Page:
I have to say that I have enjoyed shooting the Leica X2 but The X100 is really fantastic.

This one does have some PP – I did add some grain as well as crop – again, that Fuji flare is there

The shots you have seen here so far have all been taken with the Fuji X100 in RAW, and converted using ACR. I often get asked what PP I do to photos like these and I always say NONE..sometimes. All I do is adjust sliders in the raw processing to add contrast or lower contrast. To saturate or desaturate. To add black level or take it out. I then add some sharpening and the image that pops out is what you see here. I found the X100 files to be pretty robust and with good color, sharpness and decent DR.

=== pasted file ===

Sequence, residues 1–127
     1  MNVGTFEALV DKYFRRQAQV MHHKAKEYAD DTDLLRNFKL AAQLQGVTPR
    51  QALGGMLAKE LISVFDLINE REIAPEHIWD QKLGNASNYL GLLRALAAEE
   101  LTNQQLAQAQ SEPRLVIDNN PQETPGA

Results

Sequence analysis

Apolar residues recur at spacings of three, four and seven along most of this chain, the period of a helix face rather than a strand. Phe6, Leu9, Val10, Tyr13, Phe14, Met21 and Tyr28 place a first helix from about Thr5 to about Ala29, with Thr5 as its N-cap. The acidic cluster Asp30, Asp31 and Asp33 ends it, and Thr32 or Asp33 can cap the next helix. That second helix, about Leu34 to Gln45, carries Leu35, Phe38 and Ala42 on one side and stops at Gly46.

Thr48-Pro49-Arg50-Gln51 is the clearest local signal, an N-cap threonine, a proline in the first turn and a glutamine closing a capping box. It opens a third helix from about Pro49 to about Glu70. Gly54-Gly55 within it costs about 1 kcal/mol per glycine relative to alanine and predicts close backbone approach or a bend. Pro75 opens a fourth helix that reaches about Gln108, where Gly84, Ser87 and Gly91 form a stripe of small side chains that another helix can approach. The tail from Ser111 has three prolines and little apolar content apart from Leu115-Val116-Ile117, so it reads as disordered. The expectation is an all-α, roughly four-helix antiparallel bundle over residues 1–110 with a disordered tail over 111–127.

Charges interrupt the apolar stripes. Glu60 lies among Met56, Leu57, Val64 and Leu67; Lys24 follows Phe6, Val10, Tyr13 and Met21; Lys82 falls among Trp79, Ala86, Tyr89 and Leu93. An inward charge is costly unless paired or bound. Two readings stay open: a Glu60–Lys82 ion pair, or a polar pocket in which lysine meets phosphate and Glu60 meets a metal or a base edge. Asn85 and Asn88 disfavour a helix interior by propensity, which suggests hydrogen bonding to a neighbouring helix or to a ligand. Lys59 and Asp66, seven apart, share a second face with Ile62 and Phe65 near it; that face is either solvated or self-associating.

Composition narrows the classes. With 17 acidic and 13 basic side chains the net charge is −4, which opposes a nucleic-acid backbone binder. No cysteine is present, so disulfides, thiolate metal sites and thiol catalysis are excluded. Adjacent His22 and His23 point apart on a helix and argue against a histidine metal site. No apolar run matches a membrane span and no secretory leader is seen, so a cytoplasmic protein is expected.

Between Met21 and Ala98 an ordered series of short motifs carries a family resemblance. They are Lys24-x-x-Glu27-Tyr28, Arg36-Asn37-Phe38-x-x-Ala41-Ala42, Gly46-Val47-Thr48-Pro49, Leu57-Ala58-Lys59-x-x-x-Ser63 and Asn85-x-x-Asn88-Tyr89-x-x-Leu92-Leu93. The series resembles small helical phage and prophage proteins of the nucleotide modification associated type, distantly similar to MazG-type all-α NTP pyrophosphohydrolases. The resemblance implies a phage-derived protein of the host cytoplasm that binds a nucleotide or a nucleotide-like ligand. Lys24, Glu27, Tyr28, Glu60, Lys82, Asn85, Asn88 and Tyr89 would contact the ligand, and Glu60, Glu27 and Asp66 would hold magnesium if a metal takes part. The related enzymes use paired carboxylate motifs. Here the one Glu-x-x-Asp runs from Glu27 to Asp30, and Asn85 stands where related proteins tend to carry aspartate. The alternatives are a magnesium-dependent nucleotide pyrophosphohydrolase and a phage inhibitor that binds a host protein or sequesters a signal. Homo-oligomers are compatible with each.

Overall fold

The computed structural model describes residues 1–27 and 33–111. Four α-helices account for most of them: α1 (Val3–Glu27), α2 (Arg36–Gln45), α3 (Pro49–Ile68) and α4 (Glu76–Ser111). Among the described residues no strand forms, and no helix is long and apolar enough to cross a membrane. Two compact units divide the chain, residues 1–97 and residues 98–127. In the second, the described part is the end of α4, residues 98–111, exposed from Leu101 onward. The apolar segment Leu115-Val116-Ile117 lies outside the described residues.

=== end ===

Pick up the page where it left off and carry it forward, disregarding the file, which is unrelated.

But… I found the OM-D to have even better Dynamic Range than the Fuji in real world use. Take a look at the two images below:

The X100 file..this one I did do some PP on as I used the burn tool to try to calm down the blown highlight on her foot as I couldn’t get the detail back in the RAW file. Still, looks good. 

and now the OM-D file. Seems to have better DR as I had no issue with blown highlights with ANY shots I took with the Olympus yet the X100 had some and the X2 had the most. 

That damn OM-D is quickly becoming “the” camera of 2012. Pair it with one of the great lenses available (12, 25, or 45 but my fave is now the 25 1.4) and you will have a really great powerhouse DSLR quality camera, even for low light/high ISO. Even so, the Fuji and even Leica do offer a more “analogue” look.

Thank you Fuji, for the continued support and updating of the X100.